Final rules issued recently by federal regulators make it easier for 401(k) participants to withdraw their retirement savings early in the event of a hardship, which could have the effect of increasing so-called leakage from workplace retirement plans but may also encourage hesitant employees to boost their 401(k) savings.
Participants in 401(k) plans are able to tap their accounts if they experience financial hardships such as medical and educational costs and costs associated with purchase of a primary residence. The Treasury Department and the Internal Revenue Service issued final rules this month that both expand the circumstances under which participants can get a hardship distribution and allow them to access a greater portion of their 401(k) funds.
"The final regulations make it easier for participants to access hardship distributions — in both direct and indirect ways," said Jennifer Rigterink, an attorney at law firm Proskauer Rose.
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Hardship distributions are a somewhat controversial topic in retirement policy circles. About 80% of 401(k) plans allow for them. Just 2.3% of 401(k) participants take hardship distributions.
Some observers say hardship distributions should be discouraged since they are a form of leakage, meaning they lead to money flowing out of a 401(k) plan prior to participants' retirement and thereby diminish their retirement savings. Participants must pay income tax on the withdrawal, as well as a 10% penalty if they pull the money out before they've reached age 59½.
Each year, roughly 1.5% of assets leak out of 401(k) plans and individual retirement accounts before investors reach retirement age, the Center for Retirement Research at Boston College found in a 2015 paper. This leakage reduces aggregate age-60 retirement assets by more than 20%, according to the center.
However, others think making it potentially easier to tap savings could prove beneficial because it could encourage more employees to participate in workplace retirement plans if they know they'll be able to access their money if necessary.
"It's the absolute worst thing to do [from a savings standpoint]," lawyer Charles Humphrey said, citing the tax ramifications. "It's a bad deal."
"But on the other hand, maybe people wouldn't contribute if they felt like they don't have a safety valve," added Mr. Humphrey, a former attorney at the IRS and Department of Labor.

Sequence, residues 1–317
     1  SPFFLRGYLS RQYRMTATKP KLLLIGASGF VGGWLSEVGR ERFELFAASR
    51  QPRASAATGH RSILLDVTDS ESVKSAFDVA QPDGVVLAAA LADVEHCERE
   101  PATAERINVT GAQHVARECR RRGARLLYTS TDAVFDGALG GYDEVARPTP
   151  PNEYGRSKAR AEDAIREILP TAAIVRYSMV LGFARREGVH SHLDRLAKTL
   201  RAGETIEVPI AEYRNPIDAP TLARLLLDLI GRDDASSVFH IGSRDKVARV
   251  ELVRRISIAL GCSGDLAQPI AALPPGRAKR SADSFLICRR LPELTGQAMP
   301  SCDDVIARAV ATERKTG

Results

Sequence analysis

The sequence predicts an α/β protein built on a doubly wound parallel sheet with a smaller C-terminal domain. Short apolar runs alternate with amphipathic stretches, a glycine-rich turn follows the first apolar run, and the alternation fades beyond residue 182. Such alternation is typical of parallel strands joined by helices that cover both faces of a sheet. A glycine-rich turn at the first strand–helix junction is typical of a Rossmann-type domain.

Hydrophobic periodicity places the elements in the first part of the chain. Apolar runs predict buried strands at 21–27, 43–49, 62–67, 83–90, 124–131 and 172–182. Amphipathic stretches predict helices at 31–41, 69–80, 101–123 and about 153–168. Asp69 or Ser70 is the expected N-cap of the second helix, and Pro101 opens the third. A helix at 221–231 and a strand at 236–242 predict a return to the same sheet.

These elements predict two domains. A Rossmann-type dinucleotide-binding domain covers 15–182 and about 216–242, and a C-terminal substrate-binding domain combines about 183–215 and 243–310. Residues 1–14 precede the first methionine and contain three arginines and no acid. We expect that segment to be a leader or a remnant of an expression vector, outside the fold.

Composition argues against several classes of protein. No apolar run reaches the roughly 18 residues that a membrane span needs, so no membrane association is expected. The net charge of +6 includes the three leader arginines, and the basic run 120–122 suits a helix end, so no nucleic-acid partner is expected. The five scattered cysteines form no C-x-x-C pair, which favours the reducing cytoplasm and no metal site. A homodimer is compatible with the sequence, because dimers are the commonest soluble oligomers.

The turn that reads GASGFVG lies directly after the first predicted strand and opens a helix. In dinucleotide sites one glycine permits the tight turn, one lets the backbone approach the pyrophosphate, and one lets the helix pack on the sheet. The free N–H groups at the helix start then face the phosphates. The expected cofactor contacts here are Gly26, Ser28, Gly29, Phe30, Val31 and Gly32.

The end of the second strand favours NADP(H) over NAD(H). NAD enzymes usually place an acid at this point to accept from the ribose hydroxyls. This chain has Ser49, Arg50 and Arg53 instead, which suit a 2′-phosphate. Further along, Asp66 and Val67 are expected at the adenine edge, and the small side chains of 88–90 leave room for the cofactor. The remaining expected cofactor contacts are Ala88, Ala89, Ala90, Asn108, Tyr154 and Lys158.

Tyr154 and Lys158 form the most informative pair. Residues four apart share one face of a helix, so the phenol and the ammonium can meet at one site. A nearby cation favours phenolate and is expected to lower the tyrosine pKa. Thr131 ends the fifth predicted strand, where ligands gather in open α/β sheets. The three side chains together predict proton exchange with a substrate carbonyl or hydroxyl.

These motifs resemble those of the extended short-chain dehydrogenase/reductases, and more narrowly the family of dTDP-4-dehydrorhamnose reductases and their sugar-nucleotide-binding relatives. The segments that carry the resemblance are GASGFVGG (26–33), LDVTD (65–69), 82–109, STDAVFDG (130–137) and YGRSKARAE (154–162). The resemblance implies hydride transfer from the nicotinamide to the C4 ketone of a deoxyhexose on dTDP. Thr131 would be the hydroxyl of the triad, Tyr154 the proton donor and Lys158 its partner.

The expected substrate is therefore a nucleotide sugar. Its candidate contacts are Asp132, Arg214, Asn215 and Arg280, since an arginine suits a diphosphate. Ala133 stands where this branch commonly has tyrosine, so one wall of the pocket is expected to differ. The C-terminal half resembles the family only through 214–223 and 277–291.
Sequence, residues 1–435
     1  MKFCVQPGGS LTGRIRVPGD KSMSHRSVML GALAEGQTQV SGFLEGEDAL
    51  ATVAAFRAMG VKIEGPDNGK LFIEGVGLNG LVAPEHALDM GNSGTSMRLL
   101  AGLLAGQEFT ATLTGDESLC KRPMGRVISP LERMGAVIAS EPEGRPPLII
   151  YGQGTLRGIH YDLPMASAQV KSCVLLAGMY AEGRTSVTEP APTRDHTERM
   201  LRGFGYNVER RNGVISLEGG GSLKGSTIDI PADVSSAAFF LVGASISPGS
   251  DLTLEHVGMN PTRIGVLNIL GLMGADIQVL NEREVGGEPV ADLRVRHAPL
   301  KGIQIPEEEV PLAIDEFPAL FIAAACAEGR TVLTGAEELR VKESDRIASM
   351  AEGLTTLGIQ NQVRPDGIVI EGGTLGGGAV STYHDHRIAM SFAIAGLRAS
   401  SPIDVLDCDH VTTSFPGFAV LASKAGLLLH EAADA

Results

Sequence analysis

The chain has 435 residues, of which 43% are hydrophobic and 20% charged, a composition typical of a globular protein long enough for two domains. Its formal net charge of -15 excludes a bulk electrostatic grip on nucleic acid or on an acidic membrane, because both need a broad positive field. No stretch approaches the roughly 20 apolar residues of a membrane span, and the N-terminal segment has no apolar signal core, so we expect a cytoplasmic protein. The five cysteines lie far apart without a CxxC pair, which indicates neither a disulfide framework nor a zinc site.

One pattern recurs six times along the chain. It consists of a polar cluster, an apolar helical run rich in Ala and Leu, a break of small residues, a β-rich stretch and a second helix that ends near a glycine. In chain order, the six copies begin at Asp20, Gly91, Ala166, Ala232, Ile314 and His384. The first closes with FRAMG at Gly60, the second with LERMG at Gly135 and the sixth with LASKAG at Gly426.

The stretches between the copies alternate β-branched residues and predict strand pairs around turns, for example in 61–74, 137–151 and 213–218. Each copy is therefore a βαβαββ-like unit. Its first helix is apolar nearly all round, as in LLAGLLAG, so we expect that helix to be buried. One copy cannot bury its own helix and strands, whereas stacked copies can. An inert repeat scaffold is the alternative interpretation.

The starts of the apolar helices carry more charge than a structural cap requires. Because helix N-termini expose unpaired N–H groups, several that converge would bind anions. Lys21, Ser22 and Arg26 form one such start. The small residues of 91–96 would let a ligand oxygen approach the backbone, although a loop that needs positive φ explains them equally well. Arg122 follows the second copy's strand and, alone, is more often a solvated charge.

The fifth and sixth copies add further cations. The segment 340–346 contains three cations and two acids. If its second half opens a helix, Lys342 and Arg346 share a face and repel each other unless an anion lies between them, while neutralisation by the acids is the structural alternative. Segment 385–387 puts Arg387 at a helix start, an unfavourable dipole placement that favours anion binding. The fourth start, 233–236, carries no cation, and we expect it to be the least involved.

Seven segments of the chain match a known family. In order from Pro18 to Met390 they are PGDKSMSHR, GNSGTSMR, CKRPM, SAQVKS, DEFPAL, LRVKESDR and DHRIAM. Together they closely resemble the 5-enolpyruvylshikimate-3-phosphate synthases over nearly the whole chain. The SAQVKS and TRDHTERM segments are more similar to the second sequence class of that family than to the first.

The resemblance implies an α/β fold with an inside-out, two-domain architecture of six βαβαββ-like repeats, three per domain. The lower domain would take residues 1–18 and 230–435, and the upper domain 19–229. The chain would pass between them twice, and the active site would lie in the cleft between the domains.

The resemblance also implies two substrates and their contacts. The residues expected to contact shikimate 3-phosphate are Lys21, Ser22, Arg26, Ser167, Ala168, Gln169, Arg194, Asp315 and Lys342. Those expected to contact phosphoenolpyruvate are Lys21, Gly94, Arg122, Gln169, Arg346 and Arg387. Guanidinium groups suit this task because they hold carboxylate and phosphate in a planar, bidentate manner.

Under current rules, employees can't make 401(k) contributions for six months after they take a hardship distribution. That, experts said, likely dissuades some participants from taking a hardship withdrawal since they're then unable to immediately replenish their retirement account.
The new rules, largely in line with proposed hardship rules issued in November 2018, require employers to eliminate that six-month suspension — so employees can continue making 401(k) contributions again despite taking a hardship withdrawal.
"I think participants had to make a potentially hard choice," said Teresa Napoli, an attorney at law firm Sidley Austin. "They don't have to make that tough decision anymore."
In addition, the old rules said 401(k) plan sponsors had to require participants to take a plan loan first before they were able to request a hardship distribution. Experts say 401(k) loans are a better financial choice for participants since taxes aren't owed on the loan if it's paid back on time, and participants must pay themselves back, with interest, over time.
New rules, however, which take effect in January 2020, allow plan sponsors to scrap this requirement.
The rules, issued last Monday, also allow participants to access employer matching contributions, employer nonelective contributions (a profit share, for example) and investment earnings for hardship distributions, in addition to employee contributions. Previous rules only allowed participants to tap their own contributions to the plan.
"It's a big deal, because it opens up a lot more money available for a hardship distribution," Mr. Humphrey said.
However, it's tough to say how many plan sponsors will voluntarily change these elements of plan design that could encourage more leakage, experts said.
"It will depend on the plan sponsor and their goals for the retirement plan," Ms. Napoli said.